The Metacircular Evaluator
In this problem set, you’ll learn how to implement Scheme in Scheme—a “meta-circular evalator.”
We'll extend starter code with new features.
This material is based on the discussion in the book, Chapter 4.1, The Metacircular Evaluator.
To run the metacircular evaluator, download
mceval-with-let.ss. Note: you must run it with the R5RS languageselect Choose Language... from the pop-up menu in the lower-left corner of a main Racket window.
After evaluating the code buffer, evaluate
(driver-loop) in the REPL. This will run the interactions for your metacircular UML Scheme world. Remember that everything you type in (except for variables and numbers) should be prefixed by “
uml:” if you forget, the system will have an error.
You only need to turn in the portions of the code that you change.
Warm-up: Run the metacircular evaluator and evaluate some UML Scheme expressions. Nothing to turn in for this part.
Problem 1: Exercise 4.4 (“or” only) on p. 374. Remember to name your new “or” as “uml:or”.
Problem 2: Exercise 4.1 on p. 368.
Problem 3: Exercise 4.9 on p. 376. Pick one of the iteration constructs (
until) to implement.
Your work will be manually graded by the TAs.
Submit three source files—one for each problem. The work associated with Problem 1 should be in a file named
problem1.rkt, Problem 2 answers in
problem2.rkt, and Problem 3 answers in
For all problems, make sure to all turn in evidence that your code works, and an explanation of what it does.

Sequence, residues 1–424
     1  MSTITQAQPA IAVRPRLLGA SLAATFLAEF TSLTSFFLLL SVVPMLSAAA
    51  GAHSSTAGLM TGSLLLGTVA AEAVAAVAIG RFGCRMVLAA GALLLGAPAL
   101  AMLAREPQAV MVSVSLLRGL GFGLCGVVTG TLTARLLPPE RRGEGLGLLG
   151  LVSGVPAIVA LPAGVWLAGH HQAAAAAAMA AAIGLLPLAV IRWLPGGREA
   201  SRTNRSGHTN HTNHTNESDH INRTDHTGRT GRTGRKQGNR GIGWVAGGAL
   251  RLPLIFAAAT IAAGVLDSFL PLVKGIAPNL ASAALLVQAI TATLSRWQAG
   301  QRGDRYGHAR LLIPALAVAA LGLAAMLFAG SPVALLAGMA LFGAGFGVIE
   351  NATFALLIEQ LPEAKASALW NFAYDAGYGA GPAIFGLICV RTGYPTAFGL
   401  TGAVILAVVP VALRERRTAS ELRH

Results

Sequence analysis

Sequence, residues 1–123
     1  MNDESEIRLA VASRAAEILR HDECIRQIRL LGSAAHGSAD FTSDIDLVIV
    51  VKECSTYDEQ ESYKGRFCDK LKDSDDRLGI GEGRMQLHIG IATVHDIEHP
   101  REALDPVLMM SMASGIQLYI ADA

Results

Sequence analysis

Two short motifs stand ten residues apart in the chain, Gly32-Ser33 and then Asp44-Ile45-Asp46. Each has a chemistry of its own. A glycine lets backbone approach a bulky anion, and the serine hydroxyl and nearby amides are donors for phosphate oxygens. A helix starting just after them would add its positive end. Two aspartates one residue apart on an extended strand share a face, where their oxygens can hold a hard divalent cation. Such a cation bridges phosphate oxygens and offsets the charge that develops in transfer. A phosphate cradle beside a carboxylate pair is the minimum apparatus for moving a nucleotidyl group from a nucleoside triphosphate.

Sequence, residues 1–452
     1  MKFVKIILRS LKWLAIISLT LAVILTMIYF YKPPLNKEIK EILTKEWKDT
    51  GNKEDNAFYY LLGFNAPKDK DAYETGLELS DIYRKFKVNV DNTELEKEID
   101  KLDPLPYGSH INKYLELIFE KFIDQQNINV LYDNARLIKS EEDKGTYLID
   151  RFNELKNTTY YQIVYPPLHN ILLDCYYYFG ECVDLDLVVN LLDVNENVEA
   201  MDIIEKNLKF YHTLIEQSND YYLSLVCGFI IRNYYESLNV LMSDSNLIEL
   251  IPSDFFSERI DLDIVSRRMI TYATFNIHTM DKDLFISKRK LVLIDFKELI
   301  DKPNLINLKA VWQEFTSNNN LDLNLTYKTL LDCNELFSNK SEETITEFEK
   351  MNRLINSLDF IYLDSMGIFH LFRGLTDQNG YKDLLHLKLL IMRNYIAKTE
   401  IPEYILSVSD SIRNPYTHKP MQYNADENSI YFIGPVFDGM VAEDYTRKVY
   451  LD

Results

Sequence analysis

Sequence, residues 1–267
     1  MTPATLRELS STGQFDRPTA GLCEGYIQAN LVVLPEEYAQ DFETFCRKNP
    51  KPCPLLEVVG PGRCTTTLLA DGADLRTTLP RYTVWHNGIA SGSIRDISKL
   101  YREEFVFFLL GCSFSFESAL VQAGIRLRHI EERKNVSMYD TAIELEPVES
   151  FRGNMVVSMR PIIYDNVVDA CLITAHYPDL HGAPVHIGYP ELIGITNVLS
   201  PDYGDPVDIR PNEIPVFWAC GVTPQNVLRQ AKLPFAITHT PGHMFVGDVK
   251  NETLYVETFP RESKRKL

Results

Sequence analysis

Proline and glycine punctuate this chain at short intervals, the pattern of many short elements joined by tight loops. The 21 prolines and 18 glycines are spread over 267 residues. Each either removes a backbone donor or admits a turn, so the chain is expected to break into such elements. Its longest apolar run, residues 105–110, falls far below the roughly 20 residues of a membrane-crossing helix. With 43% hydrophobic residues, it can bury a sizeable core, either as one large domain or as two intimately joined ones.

One-third of the credit will be for a correct implementation;
one-third for a discussion of the implementation; and
one-third for demonstrating that your code works.
Each file should contain:
- any code that you changed or added. Please do NOT submit the entire starting code.
- a brief narrative about how the code works.
- examples of testing that demonstrates that your code works, including narration.
For example, if you were to submit work to implement the
uml:and function, you might turn in something like this.
This is the main code:
(define (eval-and exp env) (define (iter clauses) (if (null? clauses) #t (if (false? (mc-eval (car clauses) env)) #f (iter (cdr clauses))))) (iter (and-clauses exp))) (define (and? exp) (tagged-list? exp 'uml:and)) (define (and-clauses exp) (cdr exp))
clausesprovided to the AND expression. It recursively uses
mc-evalto evaluate each clause in the order it appears in the list. If a clause evaluates to false, then the whole expression is considered false (short-circuiting the evaluation of any subsequent expressions).
(if (null? clauses) ... )”), the entire AND expression returns
MC-EVAL, after the test for the
((and? exp) (eval-and exp env))
;;; MC-Eval input: (uml:and true) ;;; MC-Eval value: #t ; AND of a true input is true ;;; MC-Eval input: (uml:and false) ;;; MC-Eval value: #f ; AND of a false input is false ;;; MC-Eval input: (uml:and true true) ;;; MC-Eval value: #t ; AND of two true inputs is true ;;; MC-Eval input: (uml:and true false) ;;; MC-Eval value: #f ; AND of a true input and a false input is false ;;; MC-Eval input: (uml:define foo 1) ;;; MC-Eval value: ok ; we are going to define a variable to test short-circuiting ;;; MC-Eval input: (uml:and false (uml:begin (uml:set! foo 2) true)) ;;; MC-Eval value: #f ; AND should have short-circuited, and not evaluated the BEGIN expression which would set FOO to 2 ;;; MC-Eval input: foo ;;; MC-Eval value: 1 ; FOO is still 1, because UML:AND short-circuited after evaluating the first input as FALSE ! ;;; MC-Eval input: (uml:and true (uml:begin (uml:set! foo 2) true)) ;;; MC-Eval value: #t ; no short-circuiting, so now FOO should be 2 ;;; MC-Eval input: foo ;;; MC-Eval value: 2 ; and it is!